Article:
I'm not a mom.
But if I were a mother of a Philadelphia public school student, I would want my child exposed to the subject matter that some teachers have adopted this week as part of their Black Lives Matter observance.
I'd have no hesitation about it.
Not one bit.
Information is power. Racial justice is going to continue to be a hot-button issue, especially in the Age of President Trump, who by the way has had the official White House website updated to say that "the dangerous anti-police atmosphere in America is wrong." I looked but didn't see anything about protecting innocent civilians from being racially profiled by law enforcement.
I applaud the Caucus of Working Educators for taking the bold step of organizing a weeklong observance of the Black Lives Matter movement that began Monday and concludes Saturday with a 4 p.m. panel at Temple University asking the question "How does the work continue beyond Black Lives Matter Week?" The group, a subset of the Philadelphia Federation of Teachers, was inspired by 2,000 teachers in Seattle in October who wore Black Lives Matter T-shirts to show support for students of color.
"As we started to really think about it, it was like, 'OK, what does that mean for Philadelphia?' " said Tamara Anderson, a caucus member and the mother of a Philadelphia public school student. "How can we make this a purposeful and deliberate conversation about race and about brown and black families, especially in a school district that has a majority black students?"
It's unclear how many teachers have integrated the suggested BLM course material into their lesson plans. The curriculum is completely voluntary. It ranges from elementary-age-appropriate books such as Sit-In: How Four Friends Stood Up by Sitting Down, written by Andrea Davis Pinkney and illustrated by Brian Pinkney, to a reading about white privilege.
Here's an example of how one teacher incorporated the BLM subject matter into his advisory period: High school humanities teacher Charlie McGeehan on Monday showed a poignant YouTube video of first-generation Asian Americans explaining their support of the Black Lives Matter movement to their parents and other relatives. Letters for Black Lives is only about five minutes long, but it is a powerful intergenerational cry against anti-blackness and police violence directed at African Americans. In it, Asian Americans point out parallels between the struggles of immigrants and those of blacks while also urging their relatives to support the BLM movement.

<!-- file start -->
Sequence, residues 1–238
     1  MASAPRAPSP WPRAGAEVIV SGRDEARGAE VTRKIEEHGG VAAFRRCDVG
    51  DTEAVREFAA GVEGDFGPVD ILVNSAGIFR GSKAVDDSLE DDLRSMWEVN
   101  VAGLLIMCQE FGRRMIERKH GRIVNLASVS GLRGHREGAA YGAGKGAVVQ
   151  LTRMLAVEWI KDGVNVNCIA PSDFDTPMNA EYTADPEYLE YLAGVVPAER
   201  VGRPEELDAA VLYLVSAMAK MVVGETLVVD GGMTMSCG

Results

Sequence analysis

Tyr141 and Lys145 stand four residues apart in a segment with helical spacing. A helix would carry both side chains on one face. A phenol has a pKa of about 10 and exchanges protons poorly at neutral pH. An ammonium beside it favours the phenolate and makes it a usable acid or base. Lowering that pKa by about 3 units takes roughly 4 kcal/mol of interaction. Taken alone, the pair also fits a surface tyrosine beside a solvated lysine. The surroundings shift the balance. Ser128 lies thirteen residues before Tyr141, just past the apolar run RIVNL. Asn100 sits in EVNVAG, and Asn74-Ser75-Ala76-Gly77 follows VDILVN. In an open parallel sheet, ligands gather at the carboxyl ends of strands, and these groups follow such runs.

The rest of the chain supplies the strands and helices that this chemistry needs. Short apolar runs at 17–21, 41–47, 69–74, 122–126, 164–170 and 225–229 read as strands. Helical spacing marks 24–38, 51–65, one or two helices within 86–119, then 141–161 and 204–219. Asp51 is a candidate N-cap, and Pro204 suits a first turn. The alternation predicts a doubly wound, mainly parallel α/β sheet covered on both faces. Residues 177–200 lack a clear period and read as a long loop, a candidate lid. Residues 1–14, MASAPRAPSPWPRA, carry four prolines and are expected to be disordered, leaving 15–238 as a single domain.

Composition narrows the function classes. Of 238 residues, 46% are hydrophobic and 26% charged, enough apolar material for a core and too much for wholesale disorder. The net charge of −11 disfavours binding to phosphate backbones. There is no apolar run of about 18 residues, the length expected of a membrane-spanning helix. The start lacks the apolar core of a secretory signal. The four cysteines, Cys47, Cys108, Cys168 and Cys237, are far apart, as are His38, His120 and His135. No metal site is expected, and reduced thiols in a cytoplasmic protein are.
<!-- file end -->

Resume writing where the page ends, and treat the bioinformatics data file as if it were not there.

"I showed that video to my students and we just had a quick conversation about the diverse array of people who are talking about this," explained McGeehan, who teaches at the U School in North Philly. "Students were interested and engaged. And it was just a little thought-provoking piece that expanded the way that they see what Black Lives Matter stands for."
Then, it was back to the students' regularly scheduled classes.
I know people get all nuts when you mention Black Lives Matter. They picture rowdy protests and demonstrators yelling, "F--- the police." People think that the movement is antipolice and that protesters themselves are the troublemakers. Also, nonblacks sometimes feel dismissed by the BLM label and think it somehow diminishes the value of white lives, which is not the moniker's intention.
The Black Lives movement got its start back in 2012 after the murder of Trayvon Martin, an unarmed Florida teen shot to death by a neighborhood resident who was later acquitted. The hashtag #blacklivesmatter began trending on social media and stuck.
Since then, the group's focus has shifted to police killings of unarmed black males but also broadened to include such far-flung topics as affirming the rights of transgender people and protecting women from misogyny.
But you bring up #blacklivesmatter to certain folks and it's as if their brains shut down. The conversation is over. They know all they need to know about the movement and will try to argue you down about it.
"I know," said McGeehan, who teaches English and history. "For people to say that my teaching about and opening up a conversation on Black Lives Matter in my classroom is forcing views on students is completely off base. ... For me, if anything, it's like me listening to and empathizing with my students, which is something I should be doing as an educator."
He added, "I'm a firm believer that we have to push for racial justice in this country ... and I think it's a very important topic for us to raise in the classroom."